... available supremacy over other men, without the aid of some sort of external arts and entrenchments, always, in themselves, more or less paltry and base. This it is, that for ever keeps God's true princes of the Empire from the world's hustings; and leaves the highest honours that this air can give, to those men who become famous more through their infinite inferiority to the choice hidden handful of the Divine Inert, than through their undoubted superiority ...
— Moby Dick; or The Whale • Herman Melville

... notice, he made no efforts to remove its political or social causes. In this respect he differed widely from some of his illustrious contemporaries. Penn, while preaching up and down the land, and writing theological folios and pamphlets, could yet urge the political rights of Englishmen, mount the hustings for Algernon Sydney, and plead for unlimited religious liberty; and Vane, while dreaming of a coming millennium and reign of the saints, and busily occupied in defending his Antinomian doctrines, could at the same time vindicate, with tongue and pen, the cause ...
— The Complete Works of Whittier - The Standard Library Edition with a linked Index • John Greenleaf Whittier

... year, to elect its own sheriff and justiciary, and to hold pleas of the crown: and it was exempted from scot, Danegelt, trials by combat, and lodging the king's retinue. These, with a confirmation of the privileges of their court of hustings, wardmotes, and common halls, and their liberty of hunting in Middlesex and Surrey, are the chief articles of this charter [k]. [FN [k] Lambardi Archaionomia ex edit. ...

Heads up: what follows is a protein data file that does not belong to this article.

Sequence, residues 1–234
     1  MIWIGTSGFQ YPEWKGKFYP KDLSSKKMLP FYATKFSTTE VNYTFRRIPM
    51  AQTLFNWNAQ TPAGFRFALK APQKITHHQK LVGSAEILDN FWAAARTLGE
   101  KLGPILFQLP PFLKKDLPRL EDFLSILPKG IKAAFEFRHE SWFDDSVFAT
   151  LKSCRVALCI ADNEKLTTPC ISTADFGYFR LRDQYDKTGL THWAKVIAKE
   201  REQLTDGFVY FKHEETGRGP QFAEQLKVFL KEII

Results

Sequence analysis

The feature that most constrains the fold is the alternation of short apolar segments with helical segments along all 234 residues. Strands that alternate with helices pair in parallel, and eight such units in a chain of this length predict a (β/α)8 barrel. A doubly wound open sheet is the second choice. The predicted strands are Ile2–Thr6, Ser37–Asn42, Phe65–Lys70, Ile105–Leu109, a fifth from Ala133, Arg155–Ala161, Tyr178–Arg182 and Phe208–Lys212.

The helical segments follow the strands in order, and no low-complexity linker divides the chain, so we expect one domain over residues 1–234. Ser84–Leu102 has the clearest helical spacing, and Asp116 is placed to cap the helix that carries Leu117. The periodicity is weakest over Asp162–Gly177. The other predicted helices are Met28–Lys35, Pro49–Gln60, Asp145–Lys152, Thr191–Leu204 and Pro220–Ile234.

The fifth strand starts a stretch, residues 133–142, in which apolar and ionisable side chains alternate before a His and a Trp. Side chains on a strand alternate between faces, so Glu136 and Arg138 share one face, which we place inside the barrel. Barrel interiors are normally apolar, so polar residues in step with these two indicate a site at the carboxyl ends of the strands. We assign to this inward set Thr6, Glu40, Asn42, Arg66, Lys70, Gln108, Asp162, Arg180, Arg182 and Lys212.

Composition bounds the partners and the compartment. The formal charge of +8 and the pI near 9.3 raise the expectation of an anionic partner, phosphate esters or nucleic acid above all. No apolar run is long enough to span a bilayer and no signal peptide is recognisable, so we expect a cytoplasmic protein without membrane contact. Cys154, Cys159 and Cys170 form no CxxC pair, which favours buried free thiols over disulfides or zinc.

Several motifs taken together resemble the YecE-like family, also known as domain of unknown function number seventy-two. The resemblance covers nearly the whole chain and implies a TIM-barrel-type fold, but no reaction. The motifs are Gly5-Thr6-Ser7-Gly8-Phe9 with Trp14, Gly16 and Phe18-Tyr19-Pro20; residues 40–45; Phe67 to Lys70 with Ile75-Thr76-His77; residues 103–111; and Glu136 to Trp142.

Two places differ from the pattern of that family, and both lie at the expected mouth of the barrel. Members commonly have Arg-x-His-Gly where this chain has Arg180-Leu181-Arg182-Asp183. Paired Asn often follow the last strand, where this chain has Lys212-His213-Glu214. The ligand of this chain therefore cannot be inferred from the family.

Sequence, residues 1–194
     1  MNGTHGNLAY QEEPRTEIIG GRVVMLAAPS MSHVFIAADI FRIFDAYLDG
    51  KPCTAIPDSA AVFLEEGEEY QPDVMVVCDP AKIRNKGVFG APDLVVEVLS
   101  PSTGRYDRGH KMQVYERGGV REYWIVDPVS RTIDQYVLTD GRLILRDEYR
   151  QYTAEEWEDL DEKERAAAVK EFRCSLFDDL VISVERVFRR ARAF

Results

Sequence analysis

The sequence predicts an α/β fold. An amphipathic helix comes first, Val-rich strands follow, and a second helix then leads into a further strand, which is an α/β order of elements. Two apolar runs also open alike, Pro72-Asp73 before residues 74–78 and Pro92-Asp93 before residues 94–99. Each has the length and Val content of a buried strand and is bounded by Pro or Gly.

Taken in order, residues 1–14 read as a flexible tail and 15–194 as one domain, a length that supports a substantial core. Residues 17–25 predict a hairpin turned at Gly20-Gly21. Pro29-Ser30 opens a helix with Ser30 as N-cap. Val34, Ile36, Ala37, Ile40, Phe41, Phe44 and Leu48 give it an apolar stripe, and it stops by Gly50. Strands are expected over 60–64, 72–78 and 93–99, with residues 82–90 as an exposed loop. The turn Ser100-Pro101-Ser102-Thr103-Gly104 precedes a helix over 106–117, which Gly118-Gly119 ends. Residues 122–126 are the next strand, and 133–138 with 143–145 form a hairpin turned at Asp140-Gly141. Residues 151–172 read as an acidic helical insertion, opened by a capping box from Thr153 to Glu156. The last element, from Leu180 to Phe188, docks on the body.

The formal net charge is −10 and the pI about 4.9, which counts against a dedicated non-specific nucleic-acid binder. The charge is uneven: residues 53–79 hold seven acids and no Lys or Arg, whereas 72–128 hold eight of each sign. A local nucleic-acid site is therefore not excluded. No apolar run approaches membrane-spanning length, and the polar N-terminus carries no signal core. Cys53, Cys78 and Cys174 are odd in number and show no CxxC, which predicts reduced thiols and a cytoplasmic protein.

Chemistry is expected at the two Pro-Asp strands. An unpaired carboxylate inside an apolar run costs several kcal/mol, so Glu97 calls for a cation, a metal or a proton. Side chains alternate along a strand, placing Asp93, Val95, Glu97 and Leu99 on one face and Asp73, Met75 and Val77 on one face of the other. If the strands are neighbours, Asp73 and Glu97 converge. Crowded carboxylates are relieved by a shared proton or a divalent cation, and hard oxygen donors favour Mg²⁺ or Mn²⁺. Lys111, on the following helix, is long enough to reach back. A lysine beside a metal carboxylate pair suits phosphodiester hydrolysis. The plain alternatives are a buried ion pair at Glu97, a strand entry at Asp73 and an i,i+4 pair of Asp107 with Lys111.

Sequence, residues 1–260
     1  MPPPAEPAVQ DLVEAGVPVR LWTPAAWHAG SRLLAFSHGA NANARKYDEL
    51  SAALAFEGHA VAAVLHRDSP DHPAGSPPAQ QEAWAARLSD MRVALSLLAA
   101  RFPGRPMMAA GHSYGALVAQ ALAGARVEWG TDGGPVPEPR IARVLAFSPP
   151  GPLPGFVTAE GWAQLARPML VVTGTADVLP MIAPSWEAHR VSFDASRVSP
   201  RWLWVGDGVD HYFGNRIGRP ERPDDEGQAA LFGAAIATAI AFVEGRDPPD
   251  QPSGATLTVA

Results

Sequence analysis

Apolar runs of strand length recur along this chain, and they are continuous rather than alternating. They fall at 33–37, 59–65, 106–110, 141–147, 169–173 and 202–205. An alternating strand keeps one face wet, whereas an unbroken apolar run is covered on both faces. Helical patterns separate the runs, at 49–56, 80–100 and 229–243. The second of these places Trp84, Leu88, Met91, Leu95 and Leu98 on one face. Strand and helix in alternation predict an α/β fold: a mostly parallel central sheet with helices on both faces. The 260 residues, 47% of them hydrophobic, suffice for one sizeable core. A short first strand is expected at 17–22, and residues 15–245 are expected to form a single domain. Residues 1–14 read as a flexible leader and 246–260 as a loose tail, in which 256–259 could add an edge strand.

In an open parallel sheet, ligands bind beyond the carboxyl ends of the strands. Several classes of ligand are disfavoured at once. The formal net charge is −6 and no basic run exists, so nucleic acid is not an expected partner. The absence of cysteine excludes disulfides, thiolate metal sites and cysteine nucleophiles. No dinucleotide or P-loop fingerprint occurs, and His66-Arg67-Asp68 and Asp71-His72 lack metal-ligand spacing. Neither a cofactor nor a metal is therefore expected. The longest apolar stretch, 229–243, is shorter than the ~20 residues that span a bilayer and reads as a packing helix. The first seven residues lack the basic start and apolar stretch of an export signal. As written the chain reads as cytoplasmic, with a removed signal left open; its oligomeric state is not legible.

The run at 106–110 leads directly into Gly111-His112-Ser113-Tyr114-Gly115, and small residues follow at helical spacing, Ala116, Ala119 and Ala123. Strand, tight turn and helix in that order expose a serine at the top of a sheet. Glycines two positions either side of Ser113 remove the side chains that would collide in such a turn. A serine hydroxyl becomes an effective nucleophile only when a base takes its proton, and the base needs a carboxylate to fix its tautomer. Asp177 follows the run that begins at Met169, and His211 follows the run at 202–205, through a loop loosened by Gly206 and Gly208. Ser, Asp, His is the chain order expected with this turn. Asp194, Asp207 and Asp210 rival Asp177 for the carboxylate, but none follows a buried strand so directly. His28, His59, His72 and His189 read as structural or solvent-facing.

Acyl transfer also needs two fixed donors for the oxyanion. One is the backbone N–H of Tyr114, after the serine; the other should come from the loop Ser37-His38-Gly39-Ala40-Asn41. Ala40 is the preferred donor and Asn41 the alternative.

— The History of England, Volume I • David Hume

... quarrelsome. It seems to me a woman's duty to be beautiful, to BE beautiful and to behave beautifully, and politics are by their very nature ugly. You see, I—I am a woman worshipper. I worshipped women long before I found any woman I might ever hope to worship. Long ago. And—the idea of committees, of hustings, of agenda-papers!" ...
— Ann Veronica • H. G. Wells

... standards which every man of sense applies to the policy of 1832. Academic disquisition has its faults, but ought to produce academic calmness; a class-room is after all a better place for quiet reflection than the House of Commons or the hustings. ...
— England's Case Against Home Rule • Albert Venn Dicey

... We have now no arrest for debt, with the attendant sponging- houses, Cursitor Street, sheriffs' officers, and bailiffs; and no great Fleet Prison, Marshalsea, or King's Bench for imprisoning debtors. There are no polling days and hustings, with riotous proceedings, or "hocussing" of voters; and no ...
— Pickwickian Manners and Customs • Percy Fitzgerald